Colombia rebels free two hostages from jungle

SAN JOSE DEL GUAVIARE, Colombia (Reuters) - With tears, smiles and long hugs, two women hostages were freed by Colombia’s Marxist rebels on Thursday after years in the jungle, raising hopes for dozens more languishing in secret camps.

In a Venezuela-brokered deal, a helicopter flew deep into Colombia to pick up former vice-presidential candidate Clara Rojas and ex-congresswoman Consuelo Gonzalez, and ferried them back across the border where a plane took them to Caracas.

In parting, the two kissed young armed women rebels on the cheeks and shook hands with the men in a grassy jungle clearing near the Colombian town of San Jose del Guaviare.

They then hugged the team that flew in to rescue them and spoke to Venezuelan President Hugo Chavez with a satellite telephone, thanking him for his mediation.

“Please president, don’t drop your guard. The ones left behind want me to tell you that ... We have to carry on working,” said Gonzalez, 57, whose husband died during her six years in captivity. “A thousand thanks. You are helping us to live again.”

Rojas, 44, who had a son by Caesarean section during her five years in captivity, appeared skinny and serene. Both women looked tired and pale but in generally sound health.

It was the first time Latin America’s oldest rebel group has freed any of its high-profile hostages, who include a former presidential candidate, French-Colombian Ingrid Betancourt.

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At Caracas airport, relatives bearing white lilies met the women. Some wore T-shirts with a message: “Freedom for everyone now.”

Rojas wrapped her arms around her mother who uses a walking frame. A photograph of a child hung around her neck.

She told Colombian radio she had worried for years after she was separated from the boy not knowing where he was.

Gonzalez held her curly-haired granddaughter, whom she had never seen, and cried as she spoke into a phone.


Chavez later received them at his palace with an honor guard, red-carpet ceremony where they sang Colombia’s national anthem.

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He vowed to keep working for the release of other captives, even though Colombian President Alvaro Uribe broke off the fiery left-winger’s formal mediation role last year.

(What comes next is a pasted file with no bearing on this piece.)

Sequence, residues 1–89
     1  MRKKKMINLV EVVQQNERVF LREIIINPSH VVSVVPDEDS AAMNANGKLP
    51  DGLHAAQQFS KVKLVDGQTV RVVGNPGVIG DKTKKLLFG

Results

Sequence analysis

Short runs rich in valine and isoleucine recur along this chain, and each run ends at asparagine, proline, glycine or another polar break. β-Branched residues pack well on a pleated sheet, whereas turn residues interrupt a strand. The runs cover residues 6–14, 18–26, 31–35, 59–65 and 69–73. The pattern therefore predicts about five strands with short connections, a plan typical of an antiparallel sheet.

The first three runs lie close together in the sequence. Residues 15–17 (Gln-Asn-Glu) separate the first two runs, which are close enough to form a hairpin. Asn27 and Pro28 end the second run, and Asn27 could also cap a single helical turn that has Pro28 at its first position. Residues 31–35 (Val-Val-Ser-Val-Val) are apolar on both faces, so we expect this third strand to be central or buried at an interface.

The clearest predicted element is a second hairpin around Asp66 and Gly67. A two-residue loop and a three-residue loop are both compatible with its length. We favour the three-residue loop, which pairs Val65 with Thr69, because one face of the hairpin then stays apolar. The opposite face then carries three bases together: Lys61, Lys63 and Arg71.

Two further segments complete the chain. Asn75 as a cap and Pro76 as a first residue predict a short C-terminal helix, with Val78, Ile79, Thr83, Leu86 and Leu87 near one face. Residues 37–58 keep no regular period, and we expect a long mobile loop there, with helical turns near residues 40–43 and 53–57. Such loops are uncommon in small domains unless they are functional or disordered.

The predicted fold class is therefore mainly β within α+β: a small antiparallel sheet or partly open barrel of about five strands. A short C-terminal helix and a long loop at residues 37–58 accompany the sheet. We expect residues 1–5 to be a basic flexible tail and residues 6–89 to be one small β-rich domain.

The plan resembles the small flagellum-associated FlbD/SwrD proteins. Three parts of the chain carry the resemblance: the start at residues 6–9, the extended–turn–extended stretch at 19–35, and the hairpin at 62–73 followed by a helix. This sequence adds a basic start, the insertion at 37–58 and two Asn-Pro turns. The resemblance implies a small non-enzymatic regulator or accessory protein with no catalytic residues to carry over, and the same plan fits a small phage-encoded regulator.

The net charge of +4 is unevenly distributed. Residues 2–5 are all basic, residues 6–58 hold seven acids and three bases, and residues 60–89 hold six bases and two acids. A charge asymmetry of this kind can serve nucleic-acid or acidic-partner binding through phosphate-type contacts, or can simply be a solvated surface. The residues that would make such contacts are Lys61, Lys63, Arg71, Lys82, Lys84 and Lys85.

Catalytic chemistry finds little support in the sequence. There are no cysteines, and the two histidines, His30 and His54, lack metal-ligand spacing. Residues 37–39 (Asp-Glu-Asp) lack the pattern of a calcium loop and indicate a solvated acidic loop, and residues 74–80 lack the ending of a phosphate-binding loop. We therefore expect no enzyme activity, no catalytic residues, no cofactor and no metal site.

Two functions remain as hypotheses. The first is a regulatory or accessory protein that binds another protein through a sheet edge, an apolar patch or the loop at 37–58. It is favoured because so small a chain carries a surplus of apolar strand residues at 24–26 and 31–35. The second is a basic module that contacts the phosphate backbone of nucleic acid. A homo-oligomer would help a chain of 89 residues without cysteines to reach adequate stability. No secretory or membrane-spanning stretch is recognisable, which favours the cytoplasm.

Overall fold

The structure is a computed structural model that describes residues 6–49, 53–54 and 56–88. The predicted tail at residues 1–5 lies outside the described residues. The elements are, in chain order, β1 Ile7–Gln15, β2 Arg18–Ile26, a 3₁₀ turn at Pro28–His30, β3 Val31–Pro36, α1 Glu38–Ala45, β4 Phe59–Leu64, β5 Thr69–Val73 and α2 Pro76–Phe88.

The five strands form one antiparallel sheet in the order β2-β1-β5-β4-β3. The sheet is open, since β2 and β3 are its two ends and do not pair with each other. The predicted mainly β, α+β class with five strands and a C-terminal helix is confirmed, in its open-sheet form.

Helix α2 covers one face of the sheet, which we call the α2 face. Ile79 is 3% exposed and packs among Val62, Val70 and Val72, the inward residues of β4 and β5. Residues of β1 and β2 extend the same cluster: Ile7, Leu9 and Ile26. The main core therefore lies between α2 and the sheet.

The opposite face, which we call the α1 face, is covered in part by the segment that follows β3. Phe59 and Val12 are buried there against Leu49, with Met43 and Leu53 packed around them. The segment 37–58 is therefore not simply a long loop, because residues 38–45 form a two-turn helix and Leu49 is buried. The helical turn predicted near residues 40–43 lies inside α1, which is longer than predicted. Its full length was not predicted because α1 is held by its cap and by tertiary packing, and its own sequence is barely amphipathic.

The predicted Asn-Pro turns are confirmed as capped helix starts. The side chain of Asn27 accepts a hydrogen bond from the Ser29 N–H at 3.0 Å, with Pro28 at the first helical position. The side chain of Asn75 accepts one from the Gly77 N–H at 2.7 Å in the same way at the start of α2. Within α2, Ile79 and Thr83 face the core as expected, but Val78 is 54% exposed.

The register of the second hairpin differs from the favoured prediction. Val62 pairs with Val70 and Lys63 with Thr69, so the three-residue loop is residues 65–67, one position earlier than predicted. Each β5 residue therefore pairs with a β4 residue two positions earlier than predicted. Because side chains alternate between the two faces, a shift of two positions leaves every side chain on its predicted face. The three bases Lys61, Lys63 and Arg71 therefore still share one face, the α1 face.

“Hopefully we can soon talk about a second group” of freed hostages, Chavez said as he gave live commentary on television about the helicopters arriving in Venezuela.

A similar rescue plan collapsed on New Year’s Eve and a Venezuelan air convoy limped home empty-handed after it emerged that Rojas’ child, Emmanuel, was no longer in the jungle and had been moved into foster care in 2005.

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But the success of the mission on Thursday should bolster the standing of both Chavez and Colombian President Alvaro Uribe despite weeks of bickering over the deal.

Governments from Mexico to France praised their work.

Washington also grudgingly acknowledged the brokering role of Chavez, a leading anti-American critic, but made clear it was not about to ask him to help free three U.S. captives.

The rebels’ gesture spurred hopes for an exchange of guerrillas held in government jails for hostages, including Betancourt, whose case is followed closely in France.

French President Nicolas Sarkozy said the release of Rojas and Gonzalez was an incentive to keep working to free other captives. “France is delighted,” he said.

Betancourt’s mother, Yolanda Pulecio, said, “I hope it will be Ingrid next and that we will be able to have Ingrid in the arms of the whole family.”

Colombian Sen. Piedad Cordoba traveled with the freed women and said they were worried about Betancourt, who they had not seen for some time. Cordoba said they brought photos of other hostages with them.

Colombia’s decades-old war is fueled by the cocaine trade and kills hundreds each year despite a recent ebb in violence.

Additional reporting by Hugh Bronstein in Bogota, and Brian Ellsworth and Frank Jack Daniel in Caracas; Writing by Saul Hudson; Editing by Kieran Murray